Psoriasis and Hives are skin conditions that can be confused with each other. Both can result in urticaria itchy patches of red skin, although they have different causes. Both hives and psoriasis can spread to many places on the body or may be limited to one area of inflammation.
I This makes the skin build up into bumpy red patches covered with white scales.
They can grow anywhere, but most appear on the scalp, elbows, knees, and lower back. It can’t be passed from person to person. It does sometimes happen to members of the same family.
In people with psoriasis, this production process can occur within a few days. Because of this, there is no time for skin cells to fall. This leads to the formation of rapidly overproducing skin cells
Scales usually develop on the joints, such as the elbow and knee. They can develop anywhere on the body, including
- Guttate Psoriasis
- Skin folds
Symptoms of Psoriasis
- Red patches of skin covered with thick, silver scales.
- Itching and burning sensations around patches
- Dry skin that may crack and bleed
- Thick, pitted nails
- Swollen joints
Not everyone will experience all these symptoms. Some people will experience completely different symptoms if they have less common type. Patches can range from small dandruff patches to large eruptions that cover large areas.
Types of Psoriasis
This is most common form, causes dry, raised, red skin lesions (plaques), which are covered with silver scales. Plaques may be itchy or painful and may be few or many.
Psoriasis can affect the fingernails and toenails, causing peeling, abnormal nail growth, and discoloration. Psoriatic nails may loosen and detach from the nail bed (onycholysis). In severe cases the nail may scramble.
This type mainly affects young adults and children. It usually arises from a bacterial infection such as strep throat. It is marked by small, water-drop-size, scaling wounds on your trunk, arms, legs and scalp.
It mainly affects the skin folds, around the genitals, below the breasts, in the armpits. Inverted psoriasis causes smooth patches of red, inflamed skin that worsen with friction and perspiration. Fungal infections can trigger this type of psoriasis.
This unusual form can occur in a wide patch (generalized pustular psoriasis) or in small areas on your hands, feet or fingers.
The least common type, erythrodermic psoriasis can cover your entire body with red, peeling rash that can itch or burn intensely.
In addition to inflamed, papular skin, psoriatic arthritis causes inflamed, painful joints that are typical of arthritis. Sometimes joint symptoms are the first or only manifestation, or sometimes only nail changes are seen.
This itchy disease typically starts or worsens because of a trigger that you may be able to identify and avoid. Factors that may trigger include:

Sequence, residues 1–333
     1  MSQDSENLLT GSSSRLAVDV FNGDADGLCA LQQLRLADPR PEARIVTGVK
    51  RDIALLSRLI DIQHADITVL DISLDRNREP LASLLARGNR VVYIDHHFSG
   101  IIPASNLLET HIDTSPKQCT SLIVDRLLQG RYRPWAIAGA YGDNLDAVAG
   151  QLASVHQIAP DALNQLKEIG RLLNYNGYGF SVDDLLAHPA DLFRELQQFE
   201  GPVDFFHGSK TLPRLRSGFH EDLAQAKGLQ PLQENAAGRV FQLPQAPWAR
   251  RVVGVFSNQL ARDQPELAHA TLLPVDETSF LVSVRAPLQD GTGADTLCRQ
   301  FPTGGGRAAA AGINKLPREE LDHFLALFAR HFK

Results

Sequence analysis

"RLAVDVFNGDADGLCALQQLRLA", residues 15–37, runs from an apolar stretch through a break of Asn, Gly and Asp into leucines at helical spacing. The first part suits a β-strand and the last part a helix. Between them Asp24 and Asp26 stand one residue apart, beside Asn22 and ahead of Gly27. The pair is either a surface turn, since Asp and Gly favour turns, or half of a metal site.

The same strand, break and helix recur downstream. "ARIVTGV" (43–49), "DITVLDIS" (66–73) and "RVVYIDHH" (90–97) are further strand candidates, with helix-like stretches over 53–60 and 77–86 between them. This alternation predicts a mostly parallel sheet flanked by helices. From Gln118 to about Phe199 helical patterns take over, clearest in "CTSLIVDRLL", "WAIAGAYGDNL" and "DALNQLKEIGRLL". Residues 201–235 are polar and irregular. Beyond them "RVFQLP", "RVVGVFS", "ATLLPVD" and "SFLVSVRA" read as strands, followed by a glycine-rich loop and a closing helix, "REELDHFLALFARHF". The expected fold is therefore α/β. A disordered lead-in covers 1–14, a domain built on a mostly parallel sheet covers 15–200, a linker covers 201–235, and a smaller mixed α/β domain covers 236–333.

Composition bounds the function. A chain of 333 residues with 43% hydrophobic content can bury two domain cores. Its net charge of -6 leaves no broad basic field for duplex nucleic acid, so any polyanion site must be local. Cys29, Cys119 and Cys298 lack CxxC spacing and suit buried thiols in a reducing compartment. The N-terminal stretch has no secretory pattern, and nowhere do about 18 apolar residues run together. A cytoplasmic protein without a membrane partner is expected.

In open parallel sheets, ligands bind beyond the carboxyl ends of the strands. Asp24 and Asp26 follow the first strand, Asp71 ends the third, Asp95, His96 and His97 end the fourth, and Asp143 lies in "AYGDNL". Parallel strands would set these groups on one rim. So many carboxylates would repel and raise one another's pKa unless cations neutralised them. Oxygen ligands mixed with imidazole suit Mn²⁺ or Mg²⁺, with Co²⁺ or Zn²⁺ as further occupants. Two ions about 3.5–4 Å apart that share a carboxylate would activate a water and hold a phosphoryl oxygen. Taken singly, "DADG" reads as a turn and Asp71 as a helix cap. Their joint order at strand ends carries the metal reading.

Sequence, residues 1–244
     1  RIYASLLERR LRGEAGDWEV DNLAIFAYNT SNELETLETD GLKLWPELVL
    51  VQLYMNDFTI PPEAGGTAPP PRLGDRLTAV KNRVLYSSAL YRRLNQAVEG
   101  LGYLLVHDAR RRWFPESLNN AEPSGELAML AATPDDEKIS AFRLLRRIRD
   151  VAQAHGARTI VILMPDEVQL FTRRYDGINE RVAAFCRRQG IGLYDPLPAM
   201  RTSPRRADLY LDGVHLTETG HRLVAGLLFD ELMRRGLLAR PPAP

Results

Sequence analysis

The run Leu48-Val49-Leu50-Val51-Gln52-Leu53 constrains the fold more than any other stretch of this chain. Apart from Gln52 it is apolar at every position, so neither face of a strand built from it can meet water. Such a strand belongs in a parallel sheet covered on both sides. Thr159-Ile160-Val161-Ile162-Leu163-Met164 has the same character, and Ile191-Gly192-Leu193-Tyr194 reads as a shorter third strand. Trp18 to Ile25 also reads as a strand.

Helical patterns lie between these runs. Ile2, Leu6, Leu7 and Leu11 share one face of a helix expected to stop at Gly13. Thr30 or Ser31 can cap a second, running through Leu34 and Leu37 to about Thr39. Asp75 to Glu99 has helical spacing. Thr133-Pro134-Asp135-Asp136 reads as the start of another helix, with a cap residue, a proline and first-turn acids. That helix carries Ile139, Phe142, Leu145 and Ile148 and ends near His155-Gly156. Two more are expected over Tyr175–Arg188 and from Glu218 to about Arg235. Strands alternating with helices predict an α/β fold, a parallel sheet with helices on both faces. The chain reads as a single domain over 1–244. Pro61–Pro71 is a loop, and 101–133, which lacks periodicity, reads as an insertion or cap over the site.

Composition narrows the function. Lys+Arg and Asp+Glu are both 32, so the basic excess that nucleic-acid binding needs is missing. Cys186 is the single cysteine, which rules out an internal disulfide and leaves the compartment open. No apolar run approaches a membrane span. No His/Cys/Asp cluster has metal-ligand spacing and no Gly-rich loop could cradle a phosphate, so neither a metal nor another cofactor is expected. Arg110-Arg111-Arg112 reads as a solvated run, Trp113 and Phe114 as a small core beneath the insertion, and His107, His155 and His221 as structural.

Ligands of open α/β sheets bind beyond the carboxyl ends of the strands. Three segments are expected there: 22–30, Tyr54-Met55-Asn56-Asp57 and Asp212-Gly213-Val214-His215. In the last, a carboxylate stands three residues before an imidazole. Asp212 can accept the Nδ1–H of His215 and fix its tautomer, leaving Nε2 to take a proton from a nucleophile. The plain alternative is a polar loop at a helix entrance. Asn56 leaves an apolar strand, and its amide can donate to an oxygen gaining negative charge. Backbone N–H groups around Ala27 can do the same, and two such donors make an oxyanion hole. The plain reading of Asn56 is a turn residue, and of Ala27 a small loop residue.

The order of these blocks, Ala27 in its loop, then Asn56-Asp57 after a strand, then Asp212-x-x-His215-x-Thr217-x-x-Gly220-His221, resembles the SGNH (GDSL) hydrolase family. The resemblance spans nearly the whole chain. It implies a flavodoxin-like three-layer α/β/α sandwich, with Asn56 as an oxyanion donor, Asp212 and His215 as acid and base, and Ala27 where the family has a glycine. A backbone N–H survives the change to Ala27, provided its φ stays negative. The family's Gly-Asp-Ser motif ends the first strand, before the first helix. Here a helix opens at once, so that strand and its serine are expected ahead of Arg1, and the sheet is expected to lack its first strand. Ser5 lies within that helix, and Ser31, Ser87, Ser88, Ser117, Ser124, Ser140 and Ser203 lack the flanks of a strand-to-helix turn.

- Infections, such as strep throat or skin infections
- Injury to the skin, such as a cut or scrape, a bug bite, or a severe sunburn
- Heavy alcohol consumption
- Vitamin D deficiency
- Certain medications like lithium, which is prescribed for bipolar disorder, high blood pressure medications such as beta blockers, antimalarial drugs, and iodides
Treatment Of Psoriasis
There is no cure for this disease. Treatment aim to reduce swelling and scales, slow the growth of skin cells, and remove plaques. Psoriasis treatments fall into three categories:
Topical treatment – Using alone, creams and ointments that are applied to your skin can effectively treat mild to moderate disease. When the disease is more severe, the cream may be combined with oral medications or light therapy. Topical treatments include:
- Topical corticosteroids Vitamin D analogues
- Topical retinoids
- Calcineurin inhibitors
- Salicylic acid
- Coal tar
Light therapy (phototherapy) – Natural or artificial ultraviolet light is used in this treatment. The simplest and easiest form of phototherapy involves exposing your skin to a controlled amount of natural sunlight.
- UVB Phototherapy
- Narrow band UVB Phototherapy
- Goeckerman Therapy
- Psoralen plus ultraviolet A (PUVA)
- Excimer laser
Oral or injected medications – This is a systemic treatment. Some of the drugs are used only for brief period of time.
- Drugs that alter the immune system (biologics)
- Other medications
This is a chronic disease that often comes and goes. The main goal of treatment, is to stop the skin cells from growing so quickly.
I hope this article will help to understand the disease. Send me your queries and leave a comment below with your feedback. Be sure to sign up for my free newsletter to be the first to get new posts! You can also follow me on Instagram, Facebook and Pinterest.